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Topic: Relay switching 12v erratically  (Read 1 time) previous topic - next topic

joatmon13

I have an issue with a dual channel relay which controls a 12v linear actuator with limit stops.  Mostly the relays output the correct voltage (+ or - 12v).  The input sides of the relays always switch fine, as evidenced by the onboard LED lighting when triggered.  I can hear the coil switching, but sometimes the linear actuator doesn't move and I check the supply voltage from the relays and it reads strange values from .3V to 7 volts.  

The leads to the linear actuator are about 2.5m long from the relays.  I read the article about fly-back diodes and wonder is this the issue?  I have tried changing the code to inject a small 1 second delay between switching the inputs from low/high and high/low.  When I disconnect the leads to the linear actuator and just read the output voltage with the multimeter, it works fine.  I have replaced the relay module and get the same results.


The Fritzing part for the relay does not allow me show it without the jumper connected, but I have removed the jumper and connected 5v positive to JDVCC.  Here is the schematic from Fritz, which I can't make anymore legible (apologies):-





Thank you for your suggestions.  Please note I am just a newcomer to microcontrollers and coding, so simple explanations work best!


Southpark

#1
Jan 01, 2021, 11:51 pm Last Edit: Jan 01, 2021, 11:52 pm by Southpark
Does the negative terminal of your 12 volt battery need to be connected to the GND pin of the arduino? If it needs to be connected, then it just looks like your existing fritzing diagram doesn't have it connected.

joatmon13

Does the negative terminal of your 12 volt battery need to be connected to the GND pin of the arduino? If it needs to be connected, then it just looks like your existing fritzing diagram doesn't have it connected.
Hello Southpark.  No I have not connected the 5v circuit negative to the battery 12v negative.  Should I do this?  I'm using Node MCU ESP8266 instead of Arduino, but I presume that is not so relevant?  Thank you for your assistance.

Paul__B

Those diagrams are a terrible mess!

So you have a 12 V to 5 V "buck" converter module.  Connect 12 V and ground from the battery to the converter.  In all cases, you must run the supply and ground bundled together as a pair.  This also applies to a control signal and its return, such as the switch you show.

On the "buck" converter module, the two grounds will actually be the same, however you must connect all the 5 V grounds back to the output ground, not to the input or battery.  You run the 5 V and ground as a pair to the NodeMCU.  You run the 5 V and ground as another pair from the converter to "JD-VCC" (with the link removed) and ground on the relay module.  As you gather, "Vcc"on the relay module connects to the "5V" terminal on the NodeMCU and the two "in" terminals on the relay module travel to the NodeMCU bundled along with this connection, you do not connect the ground.

Similarly, the PIR connections run together as bundles of three directly from the PIRs to the NodeMCU.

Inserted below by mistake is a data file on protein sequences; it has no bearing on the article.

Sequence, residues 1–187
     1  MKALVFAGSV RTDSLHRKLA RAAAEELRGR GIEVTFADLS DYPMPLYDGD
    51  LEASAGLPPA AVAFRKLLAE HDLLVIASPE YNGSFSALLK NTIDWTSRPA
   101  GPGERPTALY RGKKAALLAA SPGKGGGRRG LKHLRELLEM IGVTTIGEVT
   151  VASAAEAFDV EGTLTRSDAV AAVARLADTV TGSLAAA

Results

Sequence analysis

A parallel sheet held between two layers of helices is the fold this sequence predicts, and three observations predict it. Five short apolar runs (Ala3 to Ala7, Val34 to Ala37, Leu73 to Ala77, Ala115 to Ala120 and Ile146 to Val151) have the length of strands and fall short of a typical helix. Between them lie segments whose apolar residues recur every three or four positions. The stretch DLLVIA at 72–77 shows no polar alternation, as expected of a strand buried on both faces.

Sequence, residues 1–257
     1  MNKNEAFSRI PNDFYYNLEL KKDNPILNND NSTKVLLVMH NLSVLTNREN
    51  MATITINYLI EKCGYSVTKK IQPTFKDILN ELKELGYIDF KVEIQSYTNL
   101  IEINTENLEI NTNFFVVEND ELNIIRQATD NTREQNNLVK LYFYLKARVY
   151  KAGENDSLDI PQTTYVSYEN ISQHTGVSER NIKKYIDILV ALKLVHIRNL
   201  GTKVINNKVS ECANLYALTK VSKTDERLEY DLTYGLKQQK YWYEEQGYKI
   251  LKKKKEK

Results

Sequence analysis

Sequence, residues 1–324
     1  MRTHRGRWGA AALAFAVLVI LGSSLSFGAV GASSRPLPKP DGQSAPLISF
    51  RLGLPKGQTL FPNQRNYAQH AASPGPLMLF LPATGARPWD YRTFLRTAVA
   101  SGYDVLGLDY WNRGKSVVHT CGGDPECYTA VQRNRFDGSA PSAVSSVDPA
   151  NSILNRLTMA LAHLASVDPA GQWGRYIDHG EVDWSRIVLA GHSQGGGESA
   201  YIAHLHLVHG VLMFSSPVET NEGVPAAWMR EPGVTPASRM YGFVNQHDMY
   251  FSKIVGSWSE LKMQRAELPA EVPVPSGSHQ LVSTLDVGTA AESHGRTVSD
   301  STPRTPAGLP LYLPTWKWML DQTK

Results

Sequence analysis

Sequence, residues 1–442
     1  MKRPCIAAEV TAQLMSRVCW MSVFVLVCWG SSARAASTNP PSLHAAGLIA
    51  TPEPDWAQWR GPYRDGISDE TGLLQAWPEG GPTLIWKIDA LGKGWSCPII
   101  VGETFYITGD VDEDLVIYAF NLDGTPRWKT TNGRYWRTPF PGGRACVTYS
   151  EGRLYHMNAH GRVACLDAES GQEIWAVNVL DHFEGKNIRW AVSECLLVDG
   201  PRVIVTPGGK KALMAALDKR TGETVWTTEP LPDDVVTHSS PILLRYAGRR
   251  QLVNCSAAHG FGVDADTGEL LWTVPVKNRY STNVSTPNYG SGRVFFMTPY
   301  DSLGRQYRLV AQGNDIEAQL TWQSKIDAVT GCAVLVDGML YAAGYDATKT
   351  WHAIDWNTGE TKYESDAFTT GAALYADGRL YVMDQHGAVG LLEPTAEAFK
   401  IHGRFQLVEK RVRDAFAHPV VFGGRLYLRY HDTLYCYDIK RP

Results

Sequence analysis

Finally, the power for the actuator should run - as a pair - from the two battery terminals to the relay contacts and from them as a pair to the actuator.  If you want to add "kickback" diodes, the easiest is a rectifier bridge at the relay with "+" and "-" connected to the 12 V supply and the "~" terminals to the actuator connections.

joatmon13

Apologies for the bad diagrams, I have simplified this by removing control inputs (switches and PIR's)  to focus on the relay, as I believe that is where the problem arises. The original Fritz schematic is very confusing, as it treats the contact points on the relay in a peculiar way, so I have just included a BB diagram, which is a more accurate reflection of what I have wired up. 
I hope this diagram is more readable:-


As I mentioned in the OP, the logic signal goes correctly to the relay, as evidenced by the relays onboard LEDs which light up according to requirements.  The issue to me seems to be in the 12v circuit.  The relays should just switch 12v polarity to the linear actuator to change direction.  The poles are being fed 12vDC yet sometimes when they switch, they just go from Positive 12v to a neg range of between -0.3V to -7v.

Reading the responses, I am still confused:-

1) I think the suggestion from Southpark to connect the negative from the 5v to the 12v negative is incorrect, and I have not done this. In my revised diagram,  I have separated out the 12v negative in black and 5v negative in Grey wire color.
2) The recommendation to pair positive and negative supplies is in fact how I have done this.  I have read articles about star grounding, which is what I believe I have done.
3) I have NOT connected the negative 5v to the relay on the signal side, as I have read elsewhere.
4) My understanding of a bridge rectifier is to switch ac to dc.  So would it not in fact stop the system from reversing polarity to the actuator when required?
5) Can anyone explain why the 12v output from the relays would switch to a negative value, less than required (-0.7 to -8v). Is this because of the long leads between the relays and the actuator? (2.5meters).  

Southpark

#5
Jan 02, 2021, 01:16 pm Last Edit: Jan 02, 2021, 01:19 pm by Southpark
joatmon ----- thanks for updating the diagram. I didn't suggest connecting the 12V negative terminal to the node32 gnd, but was just asking whether it needed to be connected, or not.

From what I can see, after checking out some details of the LM2596, and the two-relay module ----- it appears that we don't connect the 12V negative terminal to the GND of the node32 ------ ie. we don't connect together the Vin- terminal to to Out- terminal of the LM2596.

You mentioned flyback diodes. But can't see any flyback diodes in your diagram.

You want to drive the motor/actuator in forward and/or reverse direction, right? Have you considered dedicated off-the-shelf H-bridge driver modules?

Paul__B

Much more usable diagram.  :smiley-cool:

4) My understanding of a bridge rectifier is to switch ac to dc.  So would it not in fact stop the system from reversing polarity to the actuator when required?
It is just a convenient way of attaching to each actuator connection, a pair of diodes which prevent the voltage either exceeding the supply voltage or going negative to the ground (12 V negative).  Under normal operation, that clearly cannot happen, the diodes merely limit impulses out of the range of the supply voltage as the relay contacts change over.  Two wires, two diodes each, a bridge has them all.